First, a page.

A friend has offered to pay the cost of obtaining my birth certificate from California so I can get a Nevada ID card, but then there’s the cost of getting the affidavit notarized and, further, how can I obtain an ID without an address for DMV to send the card to?
Rodger’s second essay was published last weekend. It focuses on the kinds of responses he got from the first essay:
The day the Sun published my essay — which was intended to illustrate how close many of us are to being homeless in the Great Recession — I had planned to spend packing. Instead, I spent many of my waking hours defending myself against allegations of sloth (“30 years of not having a real job”), hypochondria, arrogance (“Your arrogance got you where you are and will keep you where you are”), weak moral and ethical judgment, prevarication (“Writers are liars and opportunists”), alcoholism, drug abuse, liberalism, solipsism, atheism (“Christ was homeless … read the Bible … take up your cross and follow the Lord”), ripping off “the system,” a defeatist attitude, poor money management, a grifter looking for a handout, and, oh yes, I need to stop smoking, get a haircut, and “renounce (my) citizenship, become a Mexican citizen and then come back as an illegal and qualify for free housing, food stamps, and medical coverage and live off the fat of the land.” (How chilling that the last comment unintentionally invokes John Steinbeck in “Of Mice and Men,” perhaps the greatest literary defender of America’s downtrodden.)
Rodger Jacobs is disabled. He has psoriatic arthritis. Many of the angry people who responded to his essay told him to go get a job at McDonalds:
I walk with a cane, sometimes I have to use an electric wheelchair that Medicare provided last year when I was under home health care by a nurse service, and my toenails and fingernails have been eaten away by the ravages of psoriatic arthritis, leaving exposed flesh with sensitive nerve endings. I cannot help Lela pack, let alone avail myself of “menial labor” jobs that so many respondents in this paper excoriated me for refusing to do should such offers come my way.
Imagine life without fingernails and toenails and then ask again why I’m not working at McDonald’s.
The lack of compassion is troubling – but the level of anger is even more disconcerting. I suspect that the anger some people have for the homeless is fueled by their own fears that they are only a paycheck or two away from being homeless themselves.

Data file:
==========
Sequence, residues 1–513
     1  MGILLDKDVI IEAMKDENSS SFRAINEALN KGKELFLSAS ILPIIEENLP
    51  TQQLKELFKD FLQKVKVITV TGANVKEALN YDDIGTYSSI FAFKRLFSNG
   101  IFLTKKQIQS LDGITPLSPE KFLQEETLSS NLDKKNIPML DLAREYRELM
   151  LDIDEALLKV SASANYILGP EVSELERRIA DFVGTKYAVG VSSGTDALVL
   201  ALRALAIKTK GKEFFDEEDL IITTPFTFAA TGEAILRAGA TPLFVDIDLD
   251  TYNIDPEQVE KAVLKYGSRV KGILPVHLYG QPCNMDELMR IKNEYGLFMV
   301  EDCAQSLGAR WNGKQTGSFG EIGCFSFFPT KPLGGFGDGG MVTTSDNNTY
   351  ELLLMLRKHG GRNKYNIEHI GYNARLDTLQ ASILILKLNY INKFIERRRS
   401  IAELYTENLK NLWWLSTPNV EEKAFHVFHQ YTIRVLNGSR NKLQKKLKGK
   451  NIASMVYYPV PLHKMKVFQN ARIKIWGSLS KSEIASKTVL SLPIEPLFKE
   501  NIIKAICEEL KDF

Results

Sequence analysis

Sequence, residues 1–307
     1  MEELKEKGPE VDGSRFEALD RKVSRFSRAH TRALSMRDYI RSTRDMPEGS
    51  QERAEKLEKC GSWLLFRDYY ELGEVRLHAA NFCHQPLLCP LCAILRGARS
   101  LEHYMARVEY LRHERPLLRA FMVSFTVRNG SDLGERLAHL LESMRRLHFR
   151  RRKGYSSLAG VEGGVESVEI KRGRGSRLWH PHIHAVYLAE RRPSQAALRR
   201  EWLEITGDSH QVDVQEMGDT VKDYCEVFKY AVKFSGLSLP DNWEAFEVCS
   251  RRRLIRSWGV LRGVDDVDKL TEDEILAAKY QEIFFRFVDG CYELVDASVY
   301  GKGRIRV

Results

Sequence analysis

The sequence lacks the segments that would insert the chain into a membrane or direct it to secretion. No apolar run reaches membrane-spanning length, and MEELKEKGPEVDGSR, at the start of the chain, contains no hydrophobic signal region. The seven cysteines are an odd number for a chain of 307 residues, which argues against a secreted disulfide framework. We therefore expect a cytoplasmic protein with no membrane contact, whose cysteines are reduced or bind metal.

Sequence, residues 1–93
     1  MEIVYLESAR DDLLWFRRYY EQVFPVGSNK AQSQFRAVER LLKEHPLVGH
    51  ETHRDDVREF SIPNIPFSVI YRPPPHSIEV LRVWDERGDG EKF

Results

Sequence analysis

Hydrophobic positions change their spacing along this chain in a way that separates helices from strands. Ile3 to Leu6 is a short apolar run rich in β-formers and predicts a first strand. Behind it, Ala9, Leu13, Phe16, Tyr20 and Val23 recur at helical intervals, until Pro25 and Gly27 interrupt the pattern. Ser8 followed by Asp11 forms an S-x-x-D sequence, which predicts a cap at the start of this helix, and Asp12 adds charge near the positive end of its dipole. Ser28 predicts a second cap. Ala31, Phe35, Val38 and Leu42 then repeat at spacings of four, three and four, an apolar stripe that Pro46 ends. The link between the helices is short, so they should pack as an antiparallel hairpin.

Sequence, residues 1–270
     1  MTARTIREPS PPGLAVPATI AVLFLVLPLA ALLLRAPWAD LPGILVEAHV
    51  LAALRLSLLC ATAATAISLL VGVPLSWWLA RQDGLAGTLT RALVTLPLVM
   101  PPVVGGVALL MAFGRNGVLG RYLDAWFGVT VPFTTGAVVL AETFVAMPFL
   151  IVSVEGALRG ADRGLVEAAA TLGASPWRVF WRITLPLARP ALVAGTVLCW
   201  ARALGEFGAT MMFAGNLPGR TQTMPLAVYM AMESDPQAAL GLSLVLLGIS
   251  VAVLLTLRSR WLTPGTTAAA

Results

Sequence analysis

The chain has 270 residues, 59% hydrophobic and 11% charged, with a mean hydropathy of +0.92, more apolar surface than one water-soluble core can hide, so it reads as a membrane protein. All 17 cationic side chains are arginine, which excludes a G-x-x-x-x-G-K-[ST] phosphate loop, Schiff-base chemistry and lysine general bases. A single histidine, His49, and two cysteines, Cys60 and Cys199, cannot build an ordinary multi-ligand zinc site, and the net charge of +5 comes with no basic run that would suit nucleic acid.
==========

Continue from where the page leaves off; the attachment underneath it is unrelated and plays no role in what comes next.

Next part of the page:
David DeGraw, writing for AlterNet, did an analysis of the official poverty rate, as was recently reported by the Census. His methodology shows that the numbers are even worse than the official numbers. One of the most chilling aspects of the story was how many of us really are a paycheck or two away from homelessness:
In my analysis, a key metric to judge the overall economic security and hardship level of a country is the percentage of the population living paycheck to paycheck. Anyone who lives paycheck to paycheck can tell you about the stress and psychological impact it has on you when you know your family is one sickness, injury or downsizing away from economic ruin. The employment company CareerBuilder, in partnership with Harris Interactive, conducts an annual survey to determine the percentage of Americans currently living paycheck to paycheck. In 2007, 43 percent fell into this category. In 2008, the number increased to 49 percent. In 2009, the number skyrocketed up to 61 percent.
In their most recent survey, this number exploded to a mind-shattering 77 percent. Yes, 77 percent of Americans are now living paycheck to paycheck. This means in our nation of 310 million citizens, 239 million Americans are one setback away from economic ruin.
I flunked remedial math in high school (true story) – but as numerically challenged as I am, I know that’s 3/4 of the population. Those of us who aren’t in the top 2% are in a very precarious position. Some of us have already skated off the ice. I hope Rodger and Lena find both help and kindness.
Definitions of what exactly homeless consists of vary from state to state. HUD defines homeless as:
an individual who lacks a fixed, regular, and adequate nighttime residence; and